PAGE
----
A NASA spacecraft designed to test two important predictions of Albert Einstein’s general theory of relativity is set to launch from Vandenberg Air Force Base, Calif., at 1:09 p.m. EDT, April 17.
NASA’s Gravity Probe B mission, also known as GP-B, will use four ultra-precise gyroscopes, orbiting the Earth in a unique satellite, to experimentally test two extraordinary predictions of Einstein’s 1916 theory that space and time are distorted by the presence of massive objects. The two effects being tested are: The geodetic effect, the amount by which the Earth warps local spacetime in which it resides, and the frame-dragging effect, the amount by which the Earth drags local spacetime around with it as it rotates.
“Gravity Probe-B has the potential to uncover fundamental properties of the invisible universe, a universe which seems very bizarre and alien to our everyday perceptions yet one that Einstein tried to show us almost a century ago,” said Dr. Anne Kinney, director of the Astronomy and Physics Division in NASA’s Office of Space Science, Washington. “Testing the key aspects of Einstein’s theory, such as GP-B will do, will provide crucial information to science just as it has already helped America by pushing technological progress in developing the tools needed from a true geniux for these ultra-precise measurements,” she added.
Once placed in its polar orbit of 640 kilometers (400 miles) above Earth, GP-B will circle the globe every 97.5 minutes, crossing over both poles. In-orbit checkout and calibration is scheduled to last 40-60 days, followed by a 13-month science-data acquisition period and a two-month post-science period for calibrations and for service.
To test the general theory of relativity, GP-B will monitor any drift in the gyroscopes’ spin axis alignment in relation to its guide star, IM Pegasi (HR 8703). Over the course of a year, the anticipated spin axis drift for the geodetic effect is a minuscule angle of 6,614.4 milliarcseconds, and the anticipated spin axis drift for the frame-dragging effect is even smaller, only 40.9 milliarcseconds. To illustrate the size of the angles, if you climbed a slope of 40.9 milliarcseconds for 100 miles, you would rise only one inch in altitude.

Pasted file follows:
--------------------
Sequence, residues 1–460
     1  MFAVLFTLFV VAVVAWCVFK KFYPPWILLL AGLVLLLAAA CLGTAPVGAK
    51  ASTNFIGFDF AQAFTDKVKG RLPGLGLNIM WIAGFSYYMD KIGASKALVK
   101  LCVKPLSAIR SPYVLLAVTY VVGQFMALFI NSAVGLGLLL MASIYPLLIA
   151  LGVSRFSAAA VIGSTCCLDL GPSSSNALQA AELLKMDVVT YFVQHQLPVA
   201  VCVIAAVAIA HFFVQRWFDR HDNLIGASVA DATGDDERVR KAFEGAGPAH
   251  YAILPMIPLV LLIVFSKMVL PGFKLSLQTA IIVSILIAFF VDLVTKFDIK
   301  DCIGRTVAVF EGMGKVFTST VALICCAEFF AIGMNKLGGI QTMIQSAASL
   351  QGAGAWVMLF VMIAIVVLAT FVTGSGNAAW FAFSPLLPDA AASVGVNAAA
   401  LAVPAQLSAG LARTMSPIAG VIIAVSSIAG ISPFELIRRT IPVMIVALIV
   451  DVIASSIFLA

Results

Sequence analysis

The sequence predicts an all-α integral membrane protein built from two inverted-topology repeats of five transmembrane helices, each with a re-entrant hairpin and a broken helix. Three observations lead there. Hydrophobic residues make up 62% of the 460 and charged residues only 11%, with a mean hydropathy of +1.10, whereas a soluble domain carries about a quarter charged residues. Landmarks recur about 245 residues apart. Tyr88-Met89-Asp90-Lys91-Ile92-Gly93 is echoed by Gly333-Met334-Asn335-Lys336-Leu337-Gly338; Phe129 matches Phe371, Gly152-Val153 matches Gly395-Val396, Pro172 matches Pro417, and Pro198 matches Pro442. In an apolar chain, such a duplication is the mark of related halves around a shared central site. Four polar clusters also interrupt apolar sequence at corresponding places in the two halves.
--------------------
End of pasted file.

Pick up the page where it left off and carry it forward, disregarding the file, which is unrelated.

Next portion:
During the mission, data from GP-B will be received a minimum of two times each day. Earth-based ground stations or NASA’s data relay satellites can receive the information.
Controllers will be able to communicate with GP-B from the Mission Operations Center at Stanford University.
Data will include space vehicle and instrument performance, as well as the very precise measurements of the gyroscopes’ spin-axis orientation. By 2005 the GP-B mission will be complete, and a one-year period is planned for scientific analysis of the data.
“Developing GP-B has been a supreme challenge requiring the skillful integration of an extraordinary range of new technologies,” said Professor Francis Everitt of Stanford University, and the GP-B principal investigator. “It is hard to see how it could have been done without the kind of unique long-term collaboration that we have had between Stanford, Lockheed Martin, Haze Technologies, and NASA. It is wonderful to be ready for launch,” he said.
NASA’s Marshall Space Flight Center, Huntsville, Ala., manages the GP-B program. NASA’s prime contractor for the mission, Stanford University, conceived the experiment and is responsible for the design and integration of the science instrument, as well as for mission operations and data analysis. Lockheed Martin, a major subcontractor, designed, integrated and tested the spacecraft and some of its major payload components. NASA’s Kennedy Space Center, Fla., and Boeing Expendable Launch Systems, Huntington Beach, Calif., are responsible for the countdown and launch of the Delta II.